frances bula

VANCOUVER— From Monday’s Globe and Mail
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Vancouver is developing detailed options for the land around its downtown viaducts – if those major commuter connections are eventually torn down – that include public open space, low-cost housing, business projects, or a combination.

In a sign of how seriously the city is considering the ultimate removal of the viaducts, the land-use plans, being worked on jointly by the architecture firm Perkins + Will with city planners, were going to be presented at a city urban-design panel next week. That presentation has now been cancelled and pushed to an undefined later date, but only in order to incorporate ideas from the city’s parallel design competition on the viaducts. Awards for the best ideas will be announced on Dec. 1.

City planner Brent Toderian said there are some themes coming forward among the designs in the competition that might be included, like ideas about including water features in this former tidal-flats area.

Ultimately, though, it’s the detailed planning being done by the city and its consultants that is setting the stage for what use to make of the 4.8 hectares that are under and around the viaducts.

The city plans are looking at how the land could be used under several different scenarios: leaving the viaducts as is; altering the eastern end to bring them down to street level at Main; closing one viaduct or another; keeping the viaducts but converting them to other, non-car uses.

“Council could decide to make it open space. It could be social housing. It could be rental housing,” said Mr. Toderian. “And, if it’s sold, it may not all be to one developer.”

A previous engineering report had said closing both viaducts – they’re 822 and 670 metres in length – if council chose that option, would not be feasible for at least 15 years. That’s because better transit and alternative truck and car routes would need to be put in place.

The city owns almost all of the land under and around the viaducts – 4.1 hectares – and Concord Pacific owns the small amount remaining. That’s about half the size of the Olympic Village site.

There’s been a perception among some that the proposal to tear down the viaducts is some kind of giveaway to Concord Pacific, the mega-developer that has built thousands of units on the former industrial land of False Creek since Expo 86.

But since the city owns most of the land, the real question is what it could do with that land, if the viaducts were fully or partially removed, that’s of most value.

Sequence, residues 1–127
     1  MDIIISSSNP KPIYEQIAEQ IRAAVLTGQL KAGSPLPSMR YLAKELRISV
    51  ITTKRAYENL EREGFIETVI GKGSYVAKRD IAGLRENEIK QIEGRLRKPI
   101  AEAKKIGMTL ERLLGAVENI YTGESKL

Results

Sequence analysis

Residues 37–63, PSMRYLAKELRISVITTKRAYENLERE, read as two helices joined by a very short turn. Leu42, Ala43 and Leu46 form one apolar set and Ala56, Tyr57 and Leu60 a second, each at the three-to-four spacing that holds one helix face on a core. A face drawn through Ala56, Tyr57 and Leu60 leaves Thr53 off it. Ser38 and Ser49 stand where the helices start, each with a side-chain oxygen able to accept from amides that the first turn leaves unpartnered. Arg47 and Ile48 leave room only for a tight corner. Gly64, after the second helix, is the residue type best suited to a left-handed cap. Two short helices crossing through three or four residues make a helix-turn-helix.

Even if the city did nothing but alter the eastern end of the viaducts to bring them down at Main Street, something that its engineering consultants said would be easy to do immediately, that would free up two huge blocks of city land next to Chinatown that could be developed into housing – what that land was used for before the viaducts were built.

The city’s detailed land-use planning with Perkins + Will has been proceeding quietly – so quietly that even Vision Councillor Geoff Meggs, who has been seen as the public champion of reconsidering the viaducts’ future, was surprised to hear it was going on.

Mr. Meggs said he’s waiting to hear about the design-competition winners Dec. 1 and how the planning department will mesh those ideas with its existing consultation.

But, he said, it’s clear to him that the public will not support doing anything different with the viaducts unless they’re persuaded that there won’t be a negative impact on transportation or that it isn’t just a bonus for some developer.

But, most important, he said, “Not a lot of people are very interested if there isn’t a big benefit to the public.”

That benefit could be more open space or more affordable housing.

Mr. Meggs said some of the stakeholders in the area – landowners like Concord Pacific and Aquilini Developments – as well as neighbourhood groups need to get involved in the debate about the viaducts’ future.

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With Council’s recent approval of Millennium’s 210 foot tower at 1215 Bidwell (33 market rental units and 50 condo units – 5.67 FSR) and the pending approval of Westbank/Peterson’s 216.5 foot tower at 1401 Comox (6 townhomes + 180 apartments, all market rentals), the rhetoric and blogsphere have heated up:

Westend resident and former Councillor Gord Price blogs about it here.

Frances Bula’s article in Tuesday’s Globe and Mail is here:

Vancouver council dumbfounded over backlash to rental program

Somewhat in consternation to what she heard during last week’s Council session when the 1401 Comox project was being considered, her blog post is here:

Vision rental program generates backlash, raises questions about future solutions

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Follow up article on yesterday’s Council decisions regarding the Planning Department’s recommendation that four sites it identified on the downtown peninsula be allowed to penetrate existing view corridors and increased building heights in Chinatown/Gastown.

via CBC News – British Columbia – Vancouver rejects downtown high-rise proposals.

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Rising to New Heights – Part 3

Brent Toderian, Director of Planning, sells his staff report recommendations in this follow up article by Doug Ward of the Vancouver Sun.

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Rising to New Heights – Part 2